The provincial government has refused the calls for a public inquiry and has refused the requests of family members that the Federation of Labour join them in any discussions with the government and its agencies.
Finally, the convention rejected a constitutional amendment that would shift the conventions of the Federation from annual to biannual.
Roger Annis is a delegate to the BC Federation of Labour convention from the Machinists union.
FINAL TWO DAYS OF BC FEDERATION OF LABOUR CONVENTION
By Roger Annis, Friday, November 28, 2008
Policy discussion yesterday began with the crisis in the forest industry. Since the election of the provincial Liberal Party government in 2001 and its re-election in 2005, 54 sawmills, paper mills and wood manufacturing plants have closed in the province. Ten thousand jobs have been lost in 2008, 20,000 since 2001.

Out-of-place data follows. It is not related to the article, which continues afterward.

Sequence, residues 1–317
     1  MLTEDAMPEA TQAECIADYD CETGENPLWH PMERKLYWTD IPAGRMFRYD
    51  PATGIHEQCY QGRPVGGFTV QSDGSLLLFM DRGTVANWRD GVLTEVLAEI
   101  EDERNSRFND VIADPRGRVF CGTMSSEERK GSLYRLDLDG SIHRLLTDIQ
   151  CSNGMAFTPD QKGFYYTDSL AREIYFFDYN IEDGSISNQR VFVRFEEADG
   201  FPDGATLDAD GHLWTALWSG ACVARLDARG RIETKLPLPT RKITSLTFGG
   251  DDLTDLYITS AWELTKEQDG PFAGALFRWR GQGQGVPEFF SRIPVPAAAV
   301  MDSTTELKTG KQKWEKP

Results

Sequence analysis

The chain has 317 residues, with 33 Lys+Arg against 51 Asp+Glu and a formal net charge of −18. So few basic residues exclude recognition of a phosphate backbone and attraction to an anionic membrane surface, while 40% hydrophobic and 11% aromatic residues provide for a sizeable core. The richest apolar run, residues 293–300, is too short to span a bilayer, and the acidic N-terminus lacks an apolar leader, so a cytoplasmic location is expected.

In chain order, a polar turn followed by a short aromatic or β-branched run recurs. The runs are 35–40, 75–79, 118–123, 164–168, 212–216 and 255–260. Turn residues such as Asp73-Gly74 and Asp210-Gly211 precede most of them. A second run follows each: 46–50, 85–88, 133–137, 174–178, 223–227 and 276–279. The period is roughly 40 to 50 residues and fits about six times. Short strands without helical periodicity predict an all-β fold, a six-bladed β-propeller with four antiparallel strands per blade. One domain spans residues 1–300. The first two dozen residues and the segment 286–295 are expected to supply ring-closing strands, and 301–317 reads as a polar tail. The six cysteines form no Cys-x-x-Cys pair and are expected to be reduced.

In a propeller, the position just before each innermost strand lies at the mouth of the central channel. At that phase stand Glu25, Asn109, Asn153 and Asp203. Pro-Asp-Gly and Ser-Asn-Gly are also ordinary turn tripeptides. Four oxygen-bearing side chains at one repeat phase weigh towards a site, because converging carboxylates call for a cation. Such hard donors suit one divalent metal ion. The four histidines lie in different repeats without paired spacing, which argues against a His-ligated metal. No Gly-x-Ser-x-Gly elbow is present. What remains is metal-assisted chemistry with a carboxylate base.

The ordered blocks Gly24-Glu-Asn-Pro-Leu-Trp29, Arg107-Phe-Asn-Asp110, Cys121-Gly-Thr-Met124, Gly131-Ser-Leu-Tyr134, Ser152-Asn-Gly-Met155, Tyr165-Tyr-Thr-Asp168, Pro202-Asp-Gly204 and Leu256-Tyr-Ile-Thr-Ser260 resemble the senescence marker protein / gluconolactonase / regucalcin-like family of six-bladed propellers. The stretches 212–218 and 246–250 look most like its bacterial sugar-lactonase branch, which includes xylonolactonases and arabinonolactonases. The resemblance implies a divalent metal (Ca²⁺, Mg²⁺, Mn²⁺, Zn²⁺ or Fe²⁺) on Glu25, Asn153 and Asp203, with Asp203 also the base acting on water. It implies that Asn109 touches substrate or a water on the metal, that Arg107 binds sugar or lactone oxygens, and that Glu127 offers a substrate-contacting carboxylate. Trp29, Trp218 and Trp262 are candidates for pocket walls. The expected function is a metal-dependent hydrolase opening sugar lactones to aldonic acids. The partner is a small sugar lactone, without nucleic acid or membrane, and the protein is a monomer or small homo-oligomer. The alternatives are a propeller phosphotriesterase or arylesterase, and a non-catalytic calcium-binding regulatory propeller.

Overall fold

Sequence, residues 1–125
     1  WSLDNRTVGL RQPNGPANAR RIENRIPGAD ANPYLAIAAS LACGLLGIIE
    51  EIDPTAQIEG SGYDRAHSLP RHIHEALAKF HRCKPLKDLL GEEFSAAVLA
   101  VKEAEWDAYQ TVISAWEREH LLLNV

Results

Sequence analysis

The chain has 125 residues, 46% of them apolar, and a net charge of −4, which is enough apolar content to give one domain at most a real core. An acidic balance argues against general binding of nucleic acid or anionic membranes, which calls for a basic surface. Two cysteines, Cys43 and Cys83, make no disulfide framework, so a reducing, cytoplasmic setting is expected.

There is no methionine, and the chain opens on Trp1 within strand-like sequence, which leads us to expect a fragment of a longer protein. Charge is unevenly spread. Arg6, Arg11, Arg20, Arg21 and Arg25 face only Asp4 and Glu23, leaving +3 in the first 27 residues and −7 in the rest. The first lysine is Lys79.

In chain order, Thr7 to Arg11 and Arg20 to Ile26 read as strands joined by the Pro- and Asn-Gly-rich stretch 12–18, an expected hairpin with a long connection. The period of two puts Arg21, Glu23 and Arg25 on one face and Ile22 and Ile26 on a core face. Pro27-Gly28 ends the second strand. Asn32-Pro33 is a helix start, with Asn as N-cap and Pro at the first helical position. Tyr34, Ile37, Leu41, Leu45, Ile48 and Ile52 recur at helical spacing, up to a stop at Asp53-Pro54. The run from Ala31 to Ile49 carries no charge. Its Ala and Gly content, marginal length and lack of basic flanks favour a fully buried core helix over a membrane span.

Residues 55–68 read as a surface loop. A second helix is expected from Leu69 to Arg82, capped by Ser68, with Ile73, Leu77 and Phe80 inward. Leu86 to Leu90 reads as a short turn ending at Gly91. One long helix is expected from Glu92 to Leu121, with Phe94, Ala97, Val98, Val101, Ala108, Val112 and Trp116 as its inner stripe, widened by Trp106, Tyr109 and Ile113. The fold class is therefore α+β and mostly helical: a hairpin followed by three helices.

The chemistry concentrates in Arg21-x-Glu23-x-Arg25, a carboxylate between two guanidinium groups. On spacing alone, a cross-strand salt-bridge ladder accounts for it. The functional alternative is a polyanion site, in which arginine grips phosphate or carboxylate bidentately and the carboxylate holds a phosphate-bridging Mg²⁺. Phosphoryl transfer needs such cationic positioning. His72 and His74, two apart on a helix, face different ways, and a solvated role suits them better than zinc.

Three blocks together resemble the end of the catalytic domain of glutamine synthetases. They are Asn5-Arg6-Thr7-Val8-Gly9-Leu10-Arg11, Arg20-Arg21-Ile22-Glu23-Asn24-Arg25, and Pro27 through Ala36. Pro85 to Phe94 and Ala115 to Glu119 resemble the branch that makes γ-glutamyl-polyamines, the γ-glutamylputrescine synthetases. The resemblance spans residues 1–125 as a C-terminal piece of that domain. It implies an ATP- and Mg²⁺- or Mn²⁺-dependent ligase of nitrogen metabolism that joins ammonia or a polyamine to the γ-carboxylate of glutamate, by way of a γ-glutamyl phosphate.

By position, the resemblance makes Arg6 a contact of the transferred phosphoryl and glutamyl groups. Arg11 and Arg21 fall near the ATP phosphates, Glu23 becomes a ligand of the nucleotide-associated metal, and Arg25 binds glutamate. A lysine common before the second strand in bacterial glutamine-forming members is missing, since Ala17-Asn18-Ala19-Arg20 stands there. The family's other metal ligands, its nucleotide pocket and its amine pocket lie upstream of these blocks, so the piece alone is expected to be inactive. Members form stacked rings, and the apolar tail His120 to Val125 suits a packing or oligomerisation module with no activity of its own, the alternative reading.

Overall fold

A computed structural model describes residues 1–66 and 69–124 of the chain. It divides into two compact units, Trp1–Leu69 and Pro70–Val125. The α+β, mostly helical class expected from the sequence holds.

Delegates identified three reasons for the decline in the industry. One is the sharp downturn in the U.S. housing industry. Lumber exports to the U.S. from British Columbia dropped from $7.4 billion in 2005 to $6.7 billion in 2006, and the downward trend continues.
A second reason is deregulation and commodification of the system of allocating the right to cut lumber. Previously, tree cutting rights would be allocated to companies on condition that the wood fibre be processed locally. The Liberals have loosened the “coupling” of cutting to processing. One result has been a massive increase in the export of raw logs. Another has been escalating prices of tree cutting licenses as “decoupling” makes them attractive to speculators. Forest companies holding licenses are even beginning to make their lands available for real estate exploitation.